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This book pursues both narrative and analytic approaches to better understand China’s spatial economic development and its implications for Tibet. Accordingly, this book focuses on Tibet – an autonomous region in the far west of China – as the subject of an in-depth case study, highlighting its unique geopolitical and socioeconomic features and external and boundary conditions. China’s great diversity in terms of physical geography, resource endowment, political economy, and ethnicity and religion has posed challenges to the studies of spatial and interprovincial issues. Indeed, the Chinese nation is far too huge and spatially diverse to be easily interpreted. The only feasible approach to analyzing it is, therefore, to divide it into smaller geographical elements so as to arrive at better insights into the country’s spatial mechanisms and regional characteristics. In this context, the book combines analytic and narrative approaches.

Inhaltsverzeichnis

Frontmatter

Chapter 1. A Brief History of Tibet

Abstract
Tibet is a large, sparsely populated area which accounts for near one-eighth (if only Tibet autonomous region is included) or more than one-fifth (if all Tibetan areas are included) of China’s total territory. With a history of about 2500 years, and located at the southwest edge of China, Tibet used to be an independent empire. Thanks to their similar cultural (racial and religious) connections, on one hand, and appeasement policies that the Chinese rulers had adopted toward all Tibetans, on the other hand, Tibet and the rest of China have been formed as a single country for a long period of time. However, throughout the PRC era, the Tibet question has never been resolved easily.
Rongxing Guo

Chapter 2. Chinese-Style Development in Tibet: Narrative

Abstract
Since the People’s Republic of China (PRC) was founded in 1949, the Chinese central government has made various efforts in order to stabilize Tibet and to fully assimilate it into China. Have what the Chinese have done in Tibet yielded what they expected? In this chapter, four unique development approaches (including the “pairing-aid program,” the “aid-Tibet cadres program,” the “inland middle schools and classes,” and the “large construction project”) that the Chinese government has applied, which have resulted in both positive and negative effects on the social and economic developments of Tibet, will be analyzed. At the end of this chapter, there is an annex of the major interprovincial events relating to China’s pairing-aid-to-Tibet programs.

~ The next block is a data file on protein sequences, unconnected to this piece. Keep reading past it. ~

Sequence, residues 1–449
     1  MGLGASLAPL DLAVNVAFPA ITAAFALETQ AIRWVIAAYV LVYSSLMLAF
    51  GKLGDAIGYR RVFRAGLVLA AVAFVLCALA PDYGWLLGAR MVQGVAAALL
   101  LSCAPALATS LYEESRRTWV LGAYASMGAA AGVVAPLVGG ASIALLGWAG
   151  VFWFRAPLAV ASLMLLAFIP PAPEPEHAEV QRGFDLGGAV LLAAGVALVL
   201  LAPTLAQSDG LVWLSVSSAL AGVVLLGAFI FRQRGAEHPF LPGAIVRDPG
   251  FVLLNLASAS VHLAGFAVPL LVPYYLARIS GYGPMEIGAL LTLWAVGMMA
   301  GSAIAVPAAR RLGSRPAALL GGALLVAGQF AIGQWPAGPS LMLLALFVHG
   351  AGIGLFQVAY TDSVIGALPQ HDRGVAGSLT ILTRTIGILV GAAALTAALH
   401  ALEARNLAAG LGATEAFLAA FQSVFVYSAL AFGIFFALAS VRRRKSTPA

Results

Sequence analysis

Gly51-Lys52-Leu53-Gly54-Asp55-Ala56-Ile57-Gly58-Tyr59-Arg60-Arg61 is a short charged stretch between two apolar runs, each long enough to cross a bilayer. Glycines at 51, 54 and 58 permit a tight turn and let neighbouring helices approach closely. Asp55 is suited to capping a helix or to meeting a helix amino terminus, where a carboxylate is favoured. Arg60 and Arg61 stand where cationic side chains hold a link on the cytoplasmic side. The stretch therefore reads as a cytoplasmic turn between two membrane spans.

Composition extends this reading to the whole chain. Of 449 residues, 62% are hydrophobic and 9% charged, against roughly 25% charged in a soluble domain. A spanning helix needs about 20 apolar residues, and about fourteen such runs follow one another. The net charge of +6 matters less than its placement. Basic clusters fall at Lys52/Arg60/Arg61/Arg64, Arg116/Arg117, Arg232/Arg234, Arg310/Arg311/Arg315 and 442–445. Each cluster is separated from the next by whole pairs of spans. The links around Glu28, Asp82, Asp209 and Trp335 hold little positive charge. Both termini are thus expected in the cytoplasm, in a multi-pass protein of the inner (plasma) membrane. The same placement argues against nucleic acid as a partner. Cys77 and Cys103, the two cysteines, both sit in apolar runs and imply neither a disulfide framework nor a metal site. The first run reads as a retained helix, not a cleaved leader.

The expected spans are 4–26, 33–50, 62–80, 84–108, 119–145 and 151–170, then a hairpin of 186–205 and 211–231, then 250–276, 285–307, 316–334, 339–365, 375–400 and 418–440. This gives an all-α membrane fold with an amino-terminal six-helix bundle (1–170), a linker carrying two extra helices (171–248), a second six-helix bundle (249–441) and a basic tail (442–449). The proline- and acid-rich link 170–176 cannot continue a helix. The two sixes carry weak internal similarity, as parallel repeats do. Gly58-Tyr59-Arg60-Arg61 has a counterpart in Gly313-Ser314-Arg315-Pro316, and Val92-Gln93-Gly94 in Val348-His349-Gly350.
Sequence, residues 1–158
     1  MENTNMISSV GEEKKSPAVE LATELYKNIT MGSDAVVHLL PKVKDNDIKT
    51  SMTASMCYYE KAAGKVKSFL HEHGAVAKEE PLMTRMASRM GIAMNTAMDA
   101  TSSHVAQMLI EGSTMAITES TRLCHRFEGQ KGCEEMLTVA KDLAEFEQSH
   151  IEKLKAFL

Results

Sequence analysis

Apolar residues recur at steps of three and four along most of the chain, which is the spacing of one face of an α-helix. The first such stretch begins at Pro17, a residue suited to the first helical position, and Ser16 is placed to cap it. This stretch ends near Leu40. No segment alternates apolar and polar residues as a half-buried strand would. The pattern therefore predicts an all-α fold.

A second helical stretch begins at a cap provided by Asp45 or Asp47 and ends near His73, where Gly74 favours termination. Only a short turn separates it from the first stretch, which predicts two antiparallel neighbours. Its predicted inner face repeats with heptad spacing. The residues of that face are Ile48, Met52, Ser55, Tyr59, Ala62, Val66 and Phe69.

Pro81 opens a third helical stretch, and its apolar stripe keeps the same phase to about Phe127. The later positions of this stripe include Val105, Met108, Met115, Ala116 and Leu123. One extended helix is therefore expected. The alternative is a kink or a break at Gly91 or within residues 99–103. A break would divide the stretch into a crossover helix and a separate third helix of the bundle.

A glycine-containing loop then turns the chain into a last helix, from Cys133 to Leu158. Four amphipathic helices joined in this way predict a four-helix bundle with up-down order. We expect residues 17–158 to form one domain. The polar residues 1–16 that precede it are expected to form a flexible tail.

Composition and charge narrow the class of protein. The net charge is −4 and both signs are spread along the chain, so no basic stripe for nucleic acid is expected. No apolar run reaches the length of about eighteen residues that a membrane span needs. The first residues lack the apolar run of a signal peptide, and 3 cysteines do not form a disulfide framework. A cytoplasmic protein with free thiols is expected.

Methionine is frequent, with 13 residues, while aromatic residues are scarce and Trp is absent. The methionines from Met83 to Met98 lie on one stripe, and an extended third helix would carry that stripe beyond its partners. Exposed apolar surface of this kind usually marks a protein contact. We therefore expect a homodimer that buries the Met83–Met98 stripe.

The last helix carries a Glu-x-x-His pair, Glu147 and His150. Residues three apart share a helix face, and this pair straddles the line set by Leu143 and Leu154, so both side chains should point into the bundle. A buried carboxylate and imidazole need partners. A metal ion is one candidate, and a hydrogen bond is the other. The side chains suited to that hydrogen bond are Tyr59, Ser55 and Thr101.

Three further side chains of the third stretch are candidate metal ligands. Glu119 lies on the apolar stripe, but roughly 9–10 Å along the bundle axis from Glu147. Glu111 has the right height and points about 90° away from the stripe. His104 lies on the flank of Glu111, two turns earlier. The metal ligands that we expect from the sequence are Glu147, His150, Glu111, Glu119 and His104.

Rongxing Guo

Chapter 3. Tibetan Unrest and the Dalai Lama: Narrative

Abstract
Historically and politically, harmonious Han-Tibetan relations had once been achieved during the Qing dynasty (1644–1911). However, during the PRC era, especially since the Dalai Lama’s flight to India in 1959, the China–Tibet relationships have been worsening. Some Tibetans, especially those in exile, have been denying the Chinese rule over Tibet and believed that what the Chinese have done in Tibet is the real cause for the Tibetan unrest in and outside Tibet. In this chapter, the following incidents will be briefly narrated: (i) the Tibetan rebellion in 1959, (ii) the Tibetan unrest from 1987 to 1989, (iii) the Lhasa riots in 2008, and (iv) the self-immolation protests from 2009 to 2013. The focus is mainly on the causes and consequences of these incidents, with some further implications being given to the future of Tibet and its relations with China.